Is there a point? Teachers’ perceptions of a policy incentivizing the study of advanced mathematics

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dc.contributor.author Prendergast, Mark
dc.contributor.author O'Meara, Niamh
dc.contributor.author Treacy, Paraic
dc.date.accessioned 2020-07-30T15:34:25Z
dc.date.available 2020-07-30T15:34:25Z
dc.date.issued 2020-07-09
dc.identifier.citation Prendergast, M., O’Meara, N. and Treacy, P. (2020) 'Is there a point? Teachers’ perceptions of a policy incentivizing the study of advanced mathematics', Journal of Curriculum Studies, (18 pp). doi: 10.1080/00220272.2020.1790666 en
dc.identifier.startpage 1 en
dc.identifier.endpage 18 en
dc.identifier.issn 0022-0272
dc.identifier.uri http://hdl.handle.net/10468/10343
dc.identifier.doi 10.1080/00220272.2020.1790666 en
dc.description.abstract A growing body of international research has highlighted the importance of students studying mathematics at an advanced level. In Ireland, the subject has been assigned a special status with the introduction of an education policy called the Bonus Points Initiative (BPI) in 2012. Students are now awarded an extra 25 points in their final State examination results if they achieve ≥40% in advanced/Higher Level (HL) mathematics. This incentive has had a noticeable impact and the numbers opting for HL mathematics in the final State examination have increased from 15.8% in 2011 to 32.9% in 2019. While this is undoubtedly a positive development, there has been little research about any knock-on effects regarding the teaching and learning of the subject. This article examines HL mathematics teachers’ (n = 266) perceptions of the BPI. The findings reveal many mixed opinions with more teachers (46%) agreeing with the initiative than disagreeing (27%), recognizing advantages such as increasing numbers and rewarding students. However, issues perceived by teachers such as questionable student motivation and the negative impact on the pace of lessons appear to be key reasons for a majority of teachers recommending a review (56%) or discontinuation (23%) of the initiative. en
dc.description.sponsorship Trinity College Dublin (Arts and Social Sciences Benefactions Fund) en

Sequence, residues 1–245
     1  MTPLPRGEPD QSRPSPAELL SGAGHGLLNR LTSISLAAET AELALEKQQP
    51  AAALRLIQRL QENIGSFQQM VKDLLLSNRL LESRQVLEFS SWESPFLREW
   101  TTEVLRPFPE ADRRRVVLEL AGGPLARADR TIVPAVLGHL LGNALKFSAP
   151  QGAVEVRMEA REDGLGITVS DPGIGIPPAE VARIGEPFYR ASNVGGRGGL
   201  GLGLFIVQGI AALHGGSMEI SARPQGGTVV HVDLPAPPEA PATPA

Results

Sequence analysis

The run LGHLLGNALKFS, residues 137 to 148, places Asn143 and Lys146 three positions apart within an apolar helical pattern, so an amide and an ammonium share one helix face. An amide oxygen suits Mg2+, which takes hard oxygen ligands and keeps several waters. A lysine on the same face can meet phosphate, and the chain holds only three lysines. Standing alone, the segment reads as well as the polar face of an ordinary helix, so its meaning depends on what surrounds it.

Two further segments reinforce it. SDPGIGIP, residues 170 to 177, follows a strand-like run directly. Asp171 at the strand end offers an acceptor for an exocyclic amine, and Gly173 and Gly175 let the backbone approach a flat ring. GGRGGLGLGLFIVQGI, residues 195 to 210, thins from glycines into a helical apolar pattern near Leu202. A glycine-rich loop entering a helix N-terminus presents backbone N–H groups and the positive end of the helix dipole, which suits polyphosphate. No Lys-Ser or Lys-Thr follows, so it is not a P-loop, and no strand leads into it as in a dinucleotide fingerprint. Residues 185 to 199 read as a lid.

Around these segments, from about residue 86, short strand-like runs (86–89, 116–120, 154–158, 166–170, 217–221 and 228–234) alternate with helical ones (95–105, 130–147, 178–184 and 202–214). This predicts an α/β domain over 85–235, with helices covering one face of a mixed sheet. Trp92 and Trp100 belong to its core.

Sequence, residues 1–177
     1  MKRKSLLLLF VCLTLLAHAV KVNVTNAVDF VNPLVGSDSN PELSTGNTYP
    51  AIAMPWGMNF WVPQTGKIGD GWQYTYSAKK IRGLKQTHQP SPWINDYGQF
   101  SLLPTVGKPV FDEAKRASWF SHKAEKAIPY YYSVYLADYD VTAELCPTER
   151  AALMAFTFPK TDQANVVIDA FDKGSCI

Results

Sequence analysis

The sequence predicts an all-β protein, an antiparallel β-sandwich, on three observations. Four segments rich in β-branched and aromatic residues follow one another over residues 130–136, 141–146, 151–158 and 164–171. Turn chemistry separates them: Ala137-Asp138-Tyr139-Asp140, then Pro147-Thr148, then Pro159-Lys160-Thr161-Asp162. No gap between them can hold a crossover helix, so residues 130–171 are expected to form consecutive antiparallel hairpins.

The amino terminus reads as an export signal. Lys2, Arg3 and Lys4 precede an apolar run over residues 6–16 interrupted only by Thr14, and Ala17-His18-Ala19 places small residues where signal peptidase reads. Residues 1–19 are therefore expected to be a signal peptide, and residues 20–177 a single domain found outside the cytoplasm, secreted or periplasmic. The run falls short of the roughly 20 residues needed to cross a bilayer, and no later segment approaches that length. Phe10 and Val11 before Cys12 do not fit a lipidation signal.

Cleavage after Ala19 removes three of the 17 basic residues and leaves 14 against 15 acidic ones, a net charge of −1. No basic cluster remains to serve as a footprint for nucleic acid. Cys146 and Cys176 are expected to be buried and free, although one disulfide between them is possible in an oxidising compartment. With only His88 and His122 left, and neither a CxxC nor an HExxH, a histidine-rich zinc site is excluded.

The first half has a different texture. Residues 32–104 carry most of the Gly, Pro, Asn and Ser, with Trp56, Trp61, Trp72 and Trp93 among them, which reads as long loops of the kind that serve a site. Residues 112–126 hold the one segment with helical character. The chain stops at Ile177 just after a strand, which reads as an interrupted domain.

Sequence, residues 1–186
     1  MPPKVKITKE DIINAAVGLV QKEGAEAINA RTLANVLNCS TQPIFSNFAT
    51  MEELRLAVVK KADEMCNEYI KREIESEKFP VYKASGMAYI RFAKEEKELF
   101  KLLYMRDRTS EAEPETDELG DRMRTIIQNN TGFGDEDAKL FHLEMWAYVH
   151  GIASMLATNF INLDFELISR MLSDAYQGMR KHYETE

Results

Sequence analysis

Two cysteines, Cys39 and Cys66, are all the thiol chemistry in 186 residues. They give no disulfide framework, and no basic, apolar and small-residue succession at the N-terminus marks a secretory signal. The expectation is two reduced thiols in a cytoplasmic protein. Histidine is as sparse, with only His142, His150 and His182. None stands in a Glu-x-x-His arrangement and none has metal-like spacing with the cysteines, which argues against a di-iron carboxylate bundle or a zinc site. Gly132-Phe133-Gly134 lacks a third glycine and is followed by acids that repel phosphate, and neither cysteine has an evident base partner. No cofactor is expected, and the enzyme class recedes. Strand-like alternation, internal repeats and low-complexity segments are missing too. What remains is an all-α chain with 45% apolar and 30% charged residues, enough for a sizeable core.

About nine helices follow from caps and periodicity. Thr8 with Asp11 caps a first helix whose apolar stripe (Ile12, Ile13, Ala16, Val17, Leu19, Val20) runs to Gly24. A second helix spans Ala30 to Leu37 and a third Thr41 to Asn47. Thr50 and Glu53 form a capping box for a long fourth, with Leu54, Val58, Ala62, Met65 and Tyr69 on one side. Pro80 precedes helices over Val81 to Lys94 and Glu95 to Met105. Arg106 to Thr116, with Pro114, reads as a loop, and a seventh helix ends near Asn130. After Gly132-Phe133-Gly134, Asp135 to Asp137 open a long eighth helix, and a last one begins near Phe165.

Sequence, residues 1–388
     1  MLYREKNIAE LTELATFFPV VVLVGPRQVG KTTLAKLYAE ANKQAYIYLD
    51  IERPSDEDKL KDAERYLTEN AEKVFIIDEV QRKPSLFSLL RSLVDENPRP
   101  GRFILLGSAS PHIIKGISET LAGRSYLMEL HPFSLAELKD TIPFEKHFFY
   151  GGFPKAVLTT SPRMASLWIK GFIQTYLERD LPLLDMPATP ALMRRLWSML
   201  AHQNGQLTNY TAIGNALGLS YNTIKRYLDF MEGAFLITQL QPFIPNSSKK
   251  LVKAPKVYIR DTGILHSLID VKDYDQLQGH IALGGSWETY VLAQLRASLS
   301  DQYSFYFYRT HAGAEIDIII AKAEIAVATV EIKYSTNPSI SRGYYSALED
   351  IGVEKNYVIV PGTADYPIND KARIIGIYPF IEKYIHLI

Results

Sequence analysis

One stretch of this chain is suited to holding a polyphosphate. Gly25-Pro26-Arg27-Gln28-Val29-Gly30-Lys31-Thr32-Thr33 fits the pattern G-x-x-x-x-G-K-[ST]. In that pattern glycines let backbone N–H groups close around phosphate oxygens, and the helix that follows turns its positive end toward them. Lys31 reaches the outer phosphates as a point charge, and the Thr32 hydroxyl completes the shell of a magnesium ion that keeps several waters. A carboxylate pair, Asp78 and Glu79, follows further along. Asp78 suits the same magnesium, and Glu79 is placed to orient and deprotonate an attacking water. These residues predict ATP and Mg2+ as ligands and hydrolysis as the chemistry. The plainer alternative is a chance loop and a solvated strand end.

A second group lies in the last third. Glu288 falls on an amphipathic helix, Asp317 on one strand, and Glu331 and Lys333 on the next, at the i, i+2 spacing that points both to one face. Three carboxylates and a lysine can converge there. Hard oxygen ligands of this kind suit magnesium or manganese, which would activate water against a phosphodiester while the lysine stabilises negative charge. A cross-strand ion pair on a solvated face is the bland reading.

dc.format.mimetype application/pdf en
dc.language.iso en en
dc.publisher Taylor & Francis en
dc.relation.uri https://www.tandfonline.com/doi/full/10.1080/00220272.2020.1790666
dc.rights © 2020 Informa UK Limited, trading as Taylor & Francis Group. This is an Accepted Manuscript of an article published by Taylor & Francis in Journal of Curriculum Studies on 09 July 2020, available online: http://www.tandfonline.com/10.1080/00220272.2020.1790666 en
dc.subject Curriculum en
dc.subject Trends en
dc.subject Performance en
dc.subject Education policy en
dc.subject Mathematics education en
dc.subject Incentives en
dc.subject Teachers’ perceptions en
dc.title Is there a point? Teachers’ perceptions of a policy incentivizing the study of advanced mathematics en
dc.type Article (peer-reviewed) en
dc.internal.authorcontactother Mark Prendergast, Education, University College Cork, Cork, Ireland. +353-21-490-3000 Email: mark.prendergast@ucc.ie en
dc.internal.availability Full text available en
dc.check.info Access to this article is restricted until 18 months after publication by request of the publisher. en
dc.check.date 2022-01-09
dc.date.updated 2020-07-30T12:25:16Z
dc.description.version Accepted Version en
dc.internal.rssid 526999683
dc.internal.wokid WOS:000547066800001
dc.description.status Peer reviewed en
dc.identifier.journaltitle Journal of Curriculum Studies en
dc.internal.copyrightchecked No
dc.internal.licenseacceptance Yes en
dc.internal.IRISemailaddress mark.prendergast@ucc.ie en


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